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Pilot pre-K program facing slow enactment

– Indiana's first state-supported preschool program isn't getting started as fast as some lawmakers had hoped.

GOP Gov. Mike Pence pushed the plan for low-income children to attend pre-kindergarten programs as a top priority during the 2014 legislative session.

Lawmakers approved a bill calling for the Indiana Family and Social Services Administration to pick five counties around the state for a pilot program.

The law – and the money that will fund the pilot – isn't effective until July 1.

And the bill also requires the state agency to seek private donations to cover some of the cost.

Rep. Dan Forestal, D-Indianapolis, sent a letter Monday expressing disappointment that the FSSA is “delaying” implementation.

“The suspension of this program means another class of Hoosier kids will lose an opportunity to receive a world-class early education,” he said.

“Because the Family and Social Services Administration cannot complete their work on time, it seems we must disappoint parents and students alike who were looking forward to finally being able to offer their children what other states have offered for some time,” Forestal said.

But the administration never promised it would start this fall.

Pence education adviser Claire Fiddian-Green told The Journal Gazette in March that the most likely timeline for the pilot to be up and running would be fall 2015.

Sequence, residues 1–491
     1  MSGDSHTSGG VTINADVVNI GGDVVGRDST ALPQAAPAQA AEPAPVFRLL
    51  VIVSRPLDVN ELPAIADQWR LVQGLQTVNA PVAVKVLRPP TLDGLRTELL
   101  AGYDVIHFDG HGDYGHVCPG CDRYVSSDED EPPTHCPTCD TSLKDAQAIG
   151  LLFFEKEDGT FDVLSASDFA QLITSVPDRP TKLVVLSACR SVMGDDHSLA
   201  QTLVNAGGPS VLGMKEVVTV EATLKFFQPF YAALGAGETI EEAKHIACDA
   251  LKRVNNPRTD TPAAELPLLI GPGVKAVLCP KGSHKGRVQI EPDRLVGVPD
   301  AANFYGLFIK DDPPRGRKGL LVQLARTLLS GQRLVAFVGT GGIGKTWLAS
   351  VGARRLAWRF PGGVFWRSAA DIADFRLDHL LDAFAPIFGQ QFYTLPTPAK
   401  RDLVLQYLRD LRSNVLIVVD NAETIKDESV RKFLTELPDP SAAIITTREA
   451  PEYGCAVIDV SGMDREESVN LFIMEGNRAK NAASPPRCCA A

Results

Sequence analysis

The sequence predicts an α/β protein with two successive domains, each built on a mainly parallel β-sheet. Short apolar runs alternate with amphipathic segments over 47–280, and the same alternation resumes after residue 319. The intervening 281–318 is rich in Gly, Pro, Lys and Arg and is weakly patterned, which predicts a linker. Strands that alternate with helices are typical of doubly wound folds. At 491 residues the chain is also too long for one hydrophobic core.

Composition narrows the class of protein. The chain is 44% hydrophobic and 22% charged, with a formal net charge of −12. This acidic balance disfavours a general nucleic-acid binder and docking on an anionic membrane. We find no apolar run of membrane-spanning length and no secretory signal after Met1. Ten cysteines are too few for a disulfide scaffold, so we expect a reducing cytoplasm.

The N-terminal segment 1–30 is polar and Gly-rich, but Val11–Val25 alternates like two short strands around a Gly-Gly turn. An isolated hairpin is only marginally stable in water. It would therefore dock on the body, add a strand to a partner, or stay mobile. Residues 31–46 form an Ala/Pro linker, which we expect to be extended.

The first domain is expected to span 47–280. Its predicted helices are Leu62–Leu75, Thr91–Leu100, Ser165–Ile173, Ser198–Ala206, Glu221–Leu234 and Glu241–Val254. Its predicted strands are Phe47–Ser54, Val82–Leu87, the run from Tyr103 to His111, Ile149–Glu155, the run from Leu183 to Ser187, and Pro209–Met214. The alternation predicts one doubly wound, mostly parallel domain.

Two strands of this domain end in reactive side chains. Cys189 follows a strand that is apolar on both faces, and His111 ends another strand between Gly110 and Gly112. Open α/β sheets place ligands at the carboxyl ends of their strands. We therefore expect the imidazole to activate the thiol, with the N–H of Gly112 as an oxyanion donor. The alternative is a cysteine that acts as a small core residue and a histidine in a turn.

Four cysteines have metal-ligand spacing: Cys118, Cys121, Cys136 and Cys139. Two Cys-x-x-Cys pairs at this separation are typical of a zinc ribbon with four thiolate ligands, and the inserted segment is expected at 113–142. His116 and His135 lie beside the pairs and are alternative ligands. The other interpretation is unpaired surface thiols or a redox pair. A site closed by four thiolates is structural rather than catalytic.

FSSA spokeswoman Marni Lemons said the agency faces several steps required by law, such as formulating a way to track the academic progress of the children from preschool to third grade and gaining approvals from the State Board of Education and State Budget Committee.

“This is not going to be ready to roll out for fall of 2014,” Lemons said. “There are a lot of requirements that the law listed.”

She said the agency would soon announce the process for picking the five counties for the pilot program.

Under the law, the agency will create and run the program using up to $10 million in reversions from its existing budget.

Millions in private donations also are required.

Children in homes with income up to 127 percent of the federal poverty level – or about $30,000 for a family of four – would be eligible for pre-kindergarten grants of $2,500 to $6,800 per student.

Public schools and private providers are eligible so long as they meet certain accreditation requirements.

The number of children to be served depends on the funding raised but is expected to be between 1,000 and 4,000.

The Associated Press contributed to this story.